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Early season challenge awaits for UMass hockey in weekend set with Ohio State -

October 18, 2017

UMass Professor Barbara Krauthamer receives award from Association of Black Women Historians -

October 18, 2017

The 2017-18 women’s soccer team differs from others Matz has coached at UMass -

October 18, 2017

Hockey East Notebook: OT Goal caps BC comeback over Providence -

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I’m a millennial conservative. Will the Republican Party leave me behind? -

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Low-Income Housing Error at Presidential Apartments -

October 18, 2017

Kelela’s debut ‘Take Me Apart’ is a captivating, deeply personal exposition on heartache. -

October 18, 2017

People’s Market hosts a fundraiser for Puerto Rico -

October 18, 2017

UMass does not care to increase handicap accessibility -

October 18, 2017

Do we really need Summer NSO? -

October 18, 2017

A picture is worth a thousand words, but those words are better off written -

October 18, 2017

Tom Petty: A Retrospective -

October 18, 2017

Panel held to discuss the future of public policy and the Universal Basic Income -

October 17, 2017

Reconsidering Hillary Clinton -

October 17, 2017

Trump’s Twitter has unprecedented influence on society -

October 17, 2017

Author and professor at the University of Oregon discusses the push of a corporate agenda through state governments -

October 17, 2017

Letter: Join the movement against student debt -

October 17, 2017

Northampton City Council votes to oppose local charter school expansion -

October 17, 2017

UMass men’s soccer takes on Rhode Island with top conference spot on the line -

October 17, 2017

Fulton, Smith leading the way for UMass Soccer offensively -

October 17, 2017

‘50 Shades Darker’ steams up all windows in the nation

(Courtesy of 50 Shades Darker Facebook page)

As if the “ooh”s and “ah”s circling the confines of the theater weren’t telling enough, the shrills of women as Christian Grey takes his shirt off will certainly let you know that “Fifty Shades Darker” is nothing short of a passionate cry from the longtime fans of E.L. James’ novels.

As someone who relishes watching romantic comedies, thrillers and the like, I found it quite uncomfortable and unbearable to watch knowing that the director simply succumbed to directing a film that is essentially worshipped by women all over the world. It seems as if the director, James Foley, made this film with the intention of putting the classic climax on the side, and replacing it with sheer romance and seduction.

Throughout, Grey still struggles with his identity, as well as his thirst for dominance. We hardly ever see main character Anastasia Steele by herself, since Grey sweeps her off her feet within the first 10 minutes of the film.

I would have hoped to see have seen more dialogue between her and the characters added on to soften Christian’s appearances in the film, as well as more of a plot, compared to the experience of watching the two have sex for an hour and a half. The plot thickens though, when Christian and Ana, who got along so well in the first film, agree to actually pursue a real, full-time relationship.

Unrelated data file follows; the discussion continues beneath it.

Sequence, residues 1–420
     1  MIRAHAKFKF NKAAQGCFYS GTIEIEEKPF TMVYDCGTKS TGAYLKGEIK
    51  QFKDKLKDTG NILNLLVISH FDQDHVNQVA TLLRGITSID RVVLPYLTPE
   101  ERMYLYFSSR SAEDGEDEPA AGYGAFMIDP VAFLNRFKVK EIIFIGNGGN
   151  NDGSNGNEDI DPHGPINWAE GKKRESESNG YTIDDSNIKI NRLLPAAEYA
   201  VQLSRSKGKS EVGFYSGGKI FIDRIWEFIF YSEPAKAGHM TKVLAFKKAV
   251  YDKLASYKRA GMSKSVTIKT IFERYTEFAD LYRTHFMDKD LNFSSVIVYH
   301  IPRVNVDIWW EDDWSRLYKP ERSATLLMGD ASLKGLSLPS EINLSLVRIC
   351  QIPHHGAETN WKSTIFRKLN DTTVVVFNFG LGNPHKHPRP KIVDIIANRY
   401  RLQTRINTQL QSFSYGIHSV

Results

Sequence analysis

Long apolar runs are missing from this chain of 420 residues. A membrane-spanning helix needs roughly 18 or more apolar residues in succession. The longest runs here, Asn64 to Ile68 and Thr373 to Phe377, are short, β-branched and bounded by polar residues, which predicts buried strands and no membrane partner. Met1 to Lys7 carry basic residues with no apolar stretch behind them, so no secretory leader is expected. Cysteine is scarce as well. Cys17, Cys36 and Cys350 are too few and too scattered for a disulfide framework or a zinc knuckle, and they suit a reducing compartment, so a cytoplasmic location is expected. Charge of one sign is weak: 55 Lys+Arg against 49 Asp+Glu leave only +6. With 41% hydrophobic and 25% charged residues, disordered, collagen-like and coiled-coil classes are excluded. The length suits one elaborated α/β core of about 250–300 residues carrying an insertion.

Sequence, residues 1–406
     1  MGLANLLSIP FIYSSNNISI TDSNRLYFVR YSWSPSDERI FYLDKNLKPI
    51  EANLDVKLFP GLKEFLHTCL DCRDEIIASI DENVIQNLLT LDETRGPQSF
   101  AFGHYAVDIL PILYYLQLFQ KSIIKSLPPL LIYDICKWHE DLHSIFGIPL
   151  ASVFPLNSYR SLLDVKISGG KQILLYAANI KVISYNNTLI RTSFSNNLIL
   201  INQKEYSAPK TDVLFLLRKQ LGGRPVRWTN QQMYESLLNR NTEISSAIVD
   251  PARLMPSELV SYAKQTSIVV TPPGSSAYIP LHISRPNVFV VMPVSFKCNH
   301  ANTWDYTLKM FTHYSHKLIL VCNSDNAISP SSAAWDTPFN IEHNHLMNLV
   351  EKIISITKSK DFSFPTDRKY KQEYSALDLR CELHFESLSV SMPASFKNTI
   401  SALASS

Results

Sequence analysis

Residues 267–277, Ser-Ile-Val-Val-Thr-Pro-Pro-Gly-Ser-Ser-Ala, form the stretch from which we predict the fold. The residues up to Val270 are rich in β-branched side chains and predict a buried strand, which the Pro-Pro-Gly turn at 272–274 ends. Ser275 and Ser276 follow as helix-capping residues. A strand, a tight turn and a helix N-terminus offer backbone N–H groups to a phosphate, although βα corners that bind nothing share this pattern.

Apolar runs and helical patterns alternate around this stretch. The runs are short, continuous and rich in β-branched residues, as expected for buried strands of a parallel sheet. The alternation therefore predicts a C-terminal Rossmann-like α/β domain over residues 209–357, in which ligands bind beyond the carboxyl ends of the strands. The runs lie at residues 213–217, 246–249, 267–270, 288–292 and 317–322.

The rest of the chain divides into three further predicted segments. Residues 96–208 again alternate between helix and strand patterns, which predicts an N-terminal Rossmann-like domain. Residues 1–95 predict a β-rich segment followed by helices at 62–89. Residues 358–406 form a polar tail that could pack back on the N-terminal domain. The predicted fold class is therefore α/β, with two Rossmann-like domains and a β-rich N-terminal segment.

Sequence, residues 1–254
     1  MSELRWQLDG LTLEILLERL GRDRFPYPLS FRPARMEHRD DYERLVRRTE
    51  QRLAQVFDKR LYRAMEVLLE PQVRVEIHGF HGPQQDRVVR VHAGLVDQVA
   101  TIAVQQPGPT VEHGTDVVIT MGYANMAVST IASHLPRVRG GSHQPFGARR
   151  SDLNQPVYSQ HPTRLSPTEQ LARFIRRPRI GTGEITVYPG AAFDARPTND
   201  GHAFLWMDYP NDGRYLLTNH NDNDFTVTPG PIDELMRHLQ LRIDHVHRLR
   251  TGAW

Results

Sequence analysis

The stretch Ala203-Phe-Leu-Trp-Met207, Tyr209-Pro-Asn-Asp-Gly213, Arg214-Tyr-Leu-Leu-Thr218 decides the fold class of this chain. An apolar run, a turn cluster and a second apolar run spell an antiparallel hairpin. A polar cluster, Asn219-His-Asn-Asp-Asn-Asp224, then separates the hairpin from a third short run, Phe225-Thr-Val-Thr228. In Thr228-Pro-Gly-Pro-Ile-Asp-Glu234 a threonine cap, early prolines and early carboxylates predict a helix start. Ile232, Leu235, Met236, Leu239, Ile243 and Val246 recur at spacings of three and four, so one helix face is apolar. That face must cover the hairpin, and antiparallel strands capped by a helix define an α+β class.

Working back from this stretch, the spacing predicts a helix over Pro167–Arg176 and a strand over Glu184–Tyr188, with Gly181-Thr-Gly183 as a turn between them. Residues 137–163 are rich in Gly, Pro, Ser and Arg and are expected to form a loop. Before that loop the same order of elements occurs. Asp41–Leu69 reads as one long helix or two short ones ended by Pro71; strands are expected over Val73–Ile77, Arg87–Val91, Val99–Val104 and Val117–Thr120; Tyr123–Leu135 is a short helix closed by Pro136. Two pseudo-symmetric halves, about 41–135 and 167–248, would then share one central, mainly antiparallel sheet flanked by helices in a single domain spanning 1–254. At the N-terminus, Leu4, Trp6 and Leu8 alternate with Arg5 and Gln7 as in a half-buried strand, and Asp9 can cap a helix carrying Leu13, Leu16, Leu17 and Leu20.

Although the movie does a superb job of painting the sexy picture that was all in our heads when we first scrolled through the pages of E.L. James’ novels, it should be fairly obvious that this film is not one you want to take your eight-year-old cousin to. They will become very confused and most likely leave slightly scarred. Not even 10 minutes into the film, the dynamic duo have already performed numerous sexual acts upon one another, making the film that much steamier as a viewing experience.

Foley truly ramps up the sex factor in this film, leaving even first-date couples ready for some passionate time alone. Needless to say, he makes the most of each opportunity to make the hair on one’s skin stand up, a feeling he creates every time that Christian and Ana are together.

From the impeccably sensuous set design, and the use of overly dramatic costumes, Foley does a remarkable job of capturing what audiences wanted all along.

As thoroughly enjoyable as the film is, one has to already share the same fantasies that James creates within her novels in order to fully embrace the central relationship. As someone who isn’t necessarily attracted to the dominant Christian, I found the film to be a rather gross celebration of a toxic, abusive relationship. Rarely, if ever, does Christian show much concern for Ana’s well-being while they have sex. An erotic movie that deemphasizes the importance of consent is difficult to endorse.

However, if you play into the sexual demands and desires that everybody recognizes within the movie as the ultimate dominant/submissive fantasy, it’s an instant romantic comedy. I look forward to seeing future installments in the “Fifty Shades” series, especially because I have no clue how Ana and Christian could possibly have a more thrilling life without destroying the ideals that E.L. James set up from the start.

Cassidy Kotyla can be reached at ckotyla@umass.edu and be followed on Twitter @CassidyKotyla.

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